We took a tour of Polina's small yet ultra-stylish home and spoke to her about how she became a content creator, how this line of work relates to her personality, and how she styled her abode.

Shop Polina Meshkova's Edit.

Hi Polina! This series is called The Makers. What is it that you make?

Hi Bed Threads! I am a content creator so I create social media advertisements as well as user-generated photo and video content for a variety of brands

How does the act of “making” relate to your personality and who you are?

I have been creative since my childhood pretty much. I started writing short poetry when I was 5 and was painting and drawing before I could even remember. That led to me doing a 4-year certificate art program while I was in high school and my passion for photography came around the same time. I am overall a very visual person and have always had a lot of appreciation for beautiful things, scenery, and colours – I get inspired very easily by things like that.

Tell us about your career journey to date. Did you always know you wanted to pursue this line of work?

I think I always knew I wanted to do something creative. Even when I considered a corporate career path, it was either lifestyle/fashion journalism, social media marketing, advertising, etc. — something that would give me an opportunity to still be creative and use my imagination. I picked up my first camera when I was 14 and was doing a lot of very editorial-ish photoshoots for my friends but was also modelling for other photographers in my hometown who were doing the same. And I would always think “I wish there was some type of job where you could do both: work on the creative concept of the project and be in front of the camera, do the styling and the modelling, be an advertising agency all in one; the mastermind, the executor, and the face of the project.”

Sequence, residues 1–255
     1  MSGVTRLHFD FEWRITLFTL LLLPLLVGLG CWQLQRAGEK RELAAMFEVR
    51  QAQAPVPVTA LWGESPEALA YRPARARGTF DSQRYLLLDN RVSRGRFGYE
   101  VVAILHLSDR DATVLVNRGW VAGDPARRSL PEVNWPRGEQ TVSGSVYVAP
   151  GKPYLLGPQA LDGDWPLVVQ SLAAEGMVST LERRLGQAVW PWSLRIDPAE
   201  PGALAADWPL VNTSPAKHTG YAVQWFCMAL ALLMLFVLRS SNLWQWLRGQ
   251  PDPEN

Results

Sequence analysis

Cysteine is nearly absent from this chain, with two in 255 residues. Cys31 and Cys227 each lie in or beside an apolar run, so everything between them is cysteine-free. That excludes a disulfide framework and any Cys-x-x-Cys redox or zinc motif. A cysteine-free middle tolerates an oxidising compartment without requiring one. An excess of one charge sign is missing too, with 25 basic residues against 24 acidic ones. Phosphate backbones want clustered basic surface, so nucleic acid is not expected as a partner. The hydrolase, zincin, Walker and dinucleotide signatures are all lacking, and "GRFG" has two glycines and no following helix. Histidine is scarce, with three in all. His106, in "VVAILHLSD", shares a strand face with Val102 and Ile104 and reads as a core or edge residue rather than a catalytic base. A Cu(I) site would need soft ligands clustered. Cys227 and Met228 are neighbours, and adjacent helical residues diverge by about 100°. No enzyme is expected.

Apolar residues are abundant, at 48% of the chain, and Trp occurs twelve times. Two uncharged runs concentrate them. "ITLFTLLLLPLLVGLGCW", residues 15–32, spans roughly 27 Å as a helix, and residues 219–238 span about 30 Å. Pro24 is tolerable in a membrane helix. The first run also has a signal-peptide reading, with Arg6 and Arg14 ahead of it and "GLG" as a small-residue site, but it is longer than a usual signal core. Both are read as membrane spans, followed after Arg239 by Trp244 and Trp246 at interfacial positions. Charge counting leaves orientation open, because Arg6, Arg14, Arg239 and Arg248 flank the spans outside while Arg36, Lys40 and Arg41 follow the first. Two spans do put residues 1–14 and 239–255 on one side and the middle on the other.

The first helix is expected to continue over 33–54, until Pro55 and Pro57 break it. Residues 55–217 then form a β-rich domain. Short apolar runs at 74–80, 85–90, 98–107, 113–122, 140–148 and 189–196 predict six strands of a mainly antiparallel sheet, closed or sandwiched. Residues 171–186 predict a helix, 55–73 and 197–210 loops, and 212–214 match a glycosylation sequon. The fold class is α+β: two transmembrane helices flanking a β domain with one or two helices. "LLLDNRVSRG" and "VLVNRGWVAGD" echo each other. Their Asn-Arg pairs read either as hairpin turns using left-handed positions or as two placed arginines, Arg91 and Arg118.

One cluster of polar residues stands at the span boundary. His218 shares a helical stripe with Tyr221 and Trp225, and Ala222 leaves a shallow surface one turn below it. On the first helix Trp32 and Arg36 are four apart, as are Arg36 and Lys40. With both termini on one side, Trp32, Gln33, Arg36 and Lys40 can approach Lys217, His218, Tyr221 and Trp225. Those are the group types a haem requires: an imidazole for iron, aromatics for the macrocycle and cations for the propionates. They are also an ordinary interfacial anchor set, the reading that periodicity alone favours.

Then social media came along — my friends introduced me to this little app called Instagram and I was at first very reluctant to join but gave into the peer pressure — and I was looking at the OG content creators/bloggers like Chiara Ferragni and Aimee Song and realising that that was exactly what they were doing, so I slowly started putting my content out there and polishing my style.

Talk us through your creative process. Where do you start?

Depending on the brand, the campaign, and the assignment, sometimes I get a concept in my head the moment I read the first email/the concept brief. Sometimes it takes a little more brainstorming. Sometimes the concept is already predetermined and I just need to do the execution part with my own twist. For brainstorming, I like to get inspired on Pinterest just in terms of colours, locations, and lighting, then thinking about how I can present the product in the most natural and authentic way while also giving it enough attention.